Sculpture of St Osmund from the west front of Salisbury Cathedral

If you’re feeling a bit under the weather at the moment then spare a thought for those people afflicted with the illnesses associated with this week’s saint, Osmund.  He is the patron saint of insanity, paralysis, ruptures and toothache, all of which are specific references to the miraculous cures that were administered to pilgrims visiting his shrine at the cathedral in Salisbury.

Osmund was one of the first of the new breed of bishops appointed by William I in the immediate aftermath of the Norman Conquest.  His was a newly created diocese comprising the counties of Dorset, Wiltshire and Berkshire with its headquarters at Old Sarum, the location of the first cathedral of Salisbury until its relocation in the fifteenth century to its current position about three miles to the south.  Prior to this, he was one of William’s inner circle (Osmund was in fact William’s nephew) and received a privileged upbringing in his native Normandy.  He was also one of the commissioners responsible for the drawing up of the Domesday Book in 1086.

During his time at Old Sarum he was described by William of Malmesbury as ‘so eminent for chastity that common fame itself would blush to speak otherwise than truthfully concerning his virtue’, but he was also known to be stern and strict.  He was responsible for a great deal of the development of the cathedral at Old Sarum, although his time was not without setbacks.  Five days after the consecration of his new cathedral in April 1092, a thunderstorm destroyed almost all of the roof, and damaged a large part of the building’s infrastructure, something that must have been a tad disheartening, to say the least.  This may well have been one instance where the English obsession with talking about the weather was justified!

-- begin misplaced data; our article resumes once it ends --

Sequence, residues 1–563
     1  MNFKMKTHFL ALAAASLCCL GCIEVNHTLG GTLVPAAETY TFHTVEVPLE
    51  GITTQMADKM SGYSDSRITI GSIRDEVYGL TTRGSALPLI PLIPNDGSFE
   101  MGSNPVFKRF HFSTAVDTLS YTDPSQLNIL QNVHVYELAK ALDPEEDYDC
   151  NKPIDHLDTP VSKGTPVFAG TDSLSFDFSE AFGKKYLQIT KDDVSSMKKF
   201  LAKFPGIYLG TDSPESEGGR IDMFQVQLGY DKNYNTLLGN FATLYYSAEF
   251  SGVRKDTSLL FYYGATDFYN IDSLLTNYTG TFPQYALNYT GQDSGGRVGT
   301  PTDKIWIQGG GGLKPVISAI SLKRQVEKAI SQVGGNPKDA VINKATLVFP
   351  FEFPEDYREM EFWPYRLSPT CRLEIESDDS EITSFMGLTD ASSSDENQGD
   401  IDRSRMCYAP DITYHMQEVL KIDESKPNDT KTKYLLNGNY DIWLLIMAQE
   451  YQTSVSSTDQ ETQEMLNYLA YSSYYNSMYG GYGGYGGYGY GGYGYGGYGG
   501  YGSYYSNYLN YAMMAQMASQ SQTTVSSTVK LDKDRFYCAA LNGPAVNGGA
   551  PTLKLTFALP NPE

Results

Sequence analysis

Nor did things go entirely to plan after his death on December 4th 1099 either.  The Salisbury clerics waited until 1228 before they pulled together a petition to Pope Gregory IX for his canonisation only for it to be refused, as were subsequent attempts in 1387, 1406, 1416 and 1442.  One final bid in 1452 was successful, however – maybe the papacy had just been worn down by the Salisbury monks’ unwillingness to give up – and Osmund was finally made a saint in 1457 by Pope Callistus III, the last English canonisation for nearly 500 years until that of John Fisher in 1935.  Perhaps Osmund should also be the patron saint of tenacity and determination!


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